Sunday, November 21, 2010


"When you are in the service of your fellow human beings,
you are in the service of your God"

Sunday, November 14, 2010


Now that the midterm elections are over and the dust has cleared, we should look back and take note of the process. Certainly as a liberal, who apparently got "shellac-ed" by all estimation, I may have an axe to grind, but the numbers speak for themselves...and I am talking of the cost of running for statewide and congressional offices, or at least the amount of money some candidates were willing to spend in order to become elected.
John Roberts and the Supreme Court recently declared that campaign contributions are merely "speech" and thus should not be regulated or inhibited in any way. This ruling, as repugnant as I may find it, went into our election process with nary a whimper from the electorate, leaving the rich, and leaving large corporations entirely free to spend at will in order to push their candidates, and their agendas (and yes...the unions as well).
No matter how you may view this ruling, I am sure we can find agreement that election spending is completely out of control; in fact is has reach obscene levels in some cases. Case in point, Carly Fiorina spend over 6 million of her own money in a failed run for the Senate from California. You do not have to be a bleeding heart lib to consider much more palatable alternatives for this money...but this is the tip of the iceberg. Let's look at three other examples.
Florida's Greene spent 23 million of her own cash reserves to mount her campaign. Garnering 284,000 votes, this works out to a whopping $83.55 per vote, hardly a bargain. Wrestling magnate Linda McMahon spent over $41.9 million from her pocket book, or $84 per vote.
Former Goldman Sacs exec and e-Bay head Meg Whitman got out her checkbook and spent over $144 million, and some estimate the total will top $160 million by the time the dust clears. That's a relative bargain at $38.32 per vote, until you realize she LOST her bid for California Governor. With that amount of cash, she could have paid the 2011 tuition of all 23,000 UCLA students, or certainly made some very happy non-profits this year.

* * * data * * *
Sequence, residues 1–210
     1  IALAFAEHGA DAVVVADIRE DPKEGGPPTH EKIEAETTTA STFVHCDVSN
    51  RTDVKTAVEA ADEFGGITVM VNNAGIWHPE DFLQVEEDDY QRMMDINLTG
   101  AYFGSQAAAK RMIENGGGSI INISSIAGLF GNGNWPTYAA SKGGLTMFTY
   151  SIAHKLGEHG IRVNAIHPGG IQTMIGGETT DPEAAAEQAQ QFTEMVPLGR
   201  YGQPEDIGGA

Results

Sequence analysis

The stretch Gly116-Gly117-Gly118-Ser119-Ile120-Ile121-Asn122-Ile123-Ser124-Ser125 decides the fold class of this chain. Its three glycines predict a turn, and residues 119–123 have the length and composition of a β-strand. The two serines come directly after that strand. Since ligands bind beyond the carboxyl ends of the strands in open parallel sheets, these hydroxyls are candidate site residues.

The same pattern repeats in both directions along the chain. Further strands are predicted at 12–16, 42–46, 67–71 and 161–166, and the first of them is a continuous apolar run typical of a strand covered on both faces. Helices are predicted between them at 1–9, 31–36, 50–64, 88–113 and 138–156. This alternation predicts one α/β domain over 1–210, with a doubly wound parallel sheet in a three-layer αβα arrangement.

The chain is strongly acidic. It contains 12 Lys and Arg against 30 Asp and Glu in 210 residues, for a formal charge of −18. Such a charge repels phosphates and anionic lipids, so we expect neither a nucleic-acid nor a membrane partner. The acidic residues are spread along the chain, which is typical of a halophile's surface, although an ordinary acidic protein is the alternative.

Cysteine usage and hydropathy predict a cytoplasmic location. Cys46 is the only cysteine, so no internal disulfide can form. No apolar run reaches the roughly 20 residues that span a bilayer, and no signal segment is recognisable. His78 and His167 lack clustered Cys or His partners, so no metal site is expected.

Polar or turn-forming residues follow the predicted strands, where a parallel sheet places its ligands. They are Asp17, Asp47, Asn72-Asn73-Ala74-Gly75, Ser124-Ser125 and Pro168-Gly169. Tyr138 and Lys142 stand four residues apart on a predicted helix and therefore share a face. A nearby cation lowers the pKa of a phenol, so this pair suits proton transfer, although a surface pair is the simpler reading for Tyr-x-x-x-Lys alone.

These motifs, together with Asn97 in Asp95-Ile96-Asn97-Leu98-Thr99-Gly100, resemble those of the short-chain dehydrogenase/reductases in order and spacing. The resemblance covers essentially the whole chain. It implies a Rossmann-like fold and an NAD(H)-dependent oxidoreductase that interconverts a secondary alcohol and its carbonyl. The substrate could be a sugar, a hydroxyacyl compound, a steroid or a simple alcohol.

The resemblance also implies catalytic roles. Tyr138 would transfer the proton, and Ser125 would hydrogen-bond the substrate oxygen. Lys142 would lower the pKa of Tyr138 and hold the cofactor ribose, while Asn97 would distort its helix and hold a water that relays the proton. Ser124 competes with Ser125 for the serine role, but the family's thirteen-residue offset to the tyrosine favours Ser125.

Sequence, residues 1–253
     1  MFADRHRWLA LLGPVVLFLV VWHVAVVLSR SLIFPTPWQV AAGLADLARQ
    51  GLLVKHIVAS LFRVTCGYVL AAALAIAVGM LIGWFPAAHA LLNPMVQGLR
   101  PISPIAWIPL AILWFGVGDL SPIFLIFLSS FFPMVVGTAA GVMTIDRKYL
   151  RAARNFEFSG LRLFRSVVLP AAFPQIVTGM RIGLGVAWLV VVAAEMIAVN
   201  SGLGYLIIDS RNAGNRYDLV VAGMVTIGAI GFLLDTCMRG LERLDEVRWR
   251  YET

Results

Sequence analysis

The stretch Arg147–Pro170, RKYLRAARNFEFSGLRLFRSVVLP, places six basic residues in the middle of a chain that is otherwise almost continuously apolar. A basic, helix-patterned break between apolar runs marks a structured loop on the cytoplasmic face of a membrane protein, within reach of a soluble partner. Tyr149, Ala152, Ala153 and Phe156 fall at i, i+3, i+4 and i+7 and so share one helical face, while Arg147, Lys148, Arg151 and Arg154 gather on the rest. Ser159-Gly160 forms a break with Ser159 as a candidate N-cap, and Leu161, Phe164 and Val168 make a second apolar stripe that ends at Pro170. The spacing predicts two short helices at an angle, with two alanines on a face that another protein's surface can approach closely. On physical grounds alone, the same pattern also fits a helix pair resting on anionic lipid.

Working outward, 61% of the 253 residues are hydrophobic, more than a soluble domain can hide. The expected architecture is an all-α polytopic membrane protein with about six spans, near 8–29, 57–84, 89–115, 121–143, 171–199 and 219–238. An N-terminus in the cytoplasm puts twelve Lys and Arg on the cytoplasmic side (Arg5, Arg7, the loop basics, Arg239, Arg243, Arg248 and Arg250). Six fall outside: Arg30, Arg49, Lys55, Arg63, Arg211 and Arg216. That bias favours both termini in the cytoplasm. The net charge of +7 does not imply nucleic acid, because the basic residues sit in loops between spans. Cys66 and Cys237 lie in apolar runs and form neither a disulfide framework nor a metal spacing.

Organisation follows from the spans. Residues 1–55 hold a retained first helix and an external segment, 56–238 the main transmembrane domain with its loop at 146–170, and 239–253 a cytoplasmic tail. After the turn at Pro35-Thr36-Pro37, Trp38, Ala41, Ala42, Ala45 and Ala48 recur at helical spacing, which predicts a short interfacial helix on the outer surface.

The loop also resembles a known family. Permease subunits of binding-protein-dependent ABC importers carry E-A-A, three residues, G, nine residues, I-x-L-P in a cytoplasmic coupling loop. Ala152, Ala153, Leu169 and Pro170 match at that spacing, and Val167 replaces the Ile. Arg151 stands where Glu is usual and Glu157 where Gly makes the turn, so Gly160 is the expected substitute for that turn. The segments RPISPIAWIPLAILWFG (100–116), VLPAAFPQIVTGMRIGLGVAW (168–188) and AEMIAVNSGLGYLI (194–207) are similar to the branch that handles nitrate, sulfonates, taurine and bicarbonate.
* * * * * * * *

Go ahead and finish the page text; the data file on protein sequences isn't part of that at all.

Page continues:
This is not to say that in a democracy they should not be allowed to spend their own hard earned cash to mount a campaign, but we have to ask ourselves what affect this will have on who can run for office in the future. Abe Lincoln would not have a chance in today's world...but Larry Flint might breeze into office with his financial advantage. An exaggeration of course, but what happens to the caliber of candidates able to mount a successful campaign when the most important line item on their resume is personal wealth?
For my money, each office should be capped in terms of how much they could spend. A run for Governor? $50 million. A run at the Senate would be capped at 35 million, and so on. Of course the first thing any candidate would have to do is either pay for, or raise the money, but from then on, they would be free to be as innovative as possible when allocating those funds, certainly a consideration of fitness for office.
In the case of Whitman, it would have limited her to spending only $12 per vote, a much more palatable expense, and certainly fair across the board. And if it shortens up the election cycle periods, I couldn't be happier.
And that's the world...the "World According to Kimba." Thanks, as always, for reading.

Wednesday, November 10, 2010

Hamish and Andy interview Hillary Clinton - The 7pm Project (Australia) ...

This should be our President folks....doing an outstanding job as our Secretary of State, garnering great polling numbers, earning the respect of our allies and our enemies alike...classy and tough, she is the best thing Obama has done in his first term.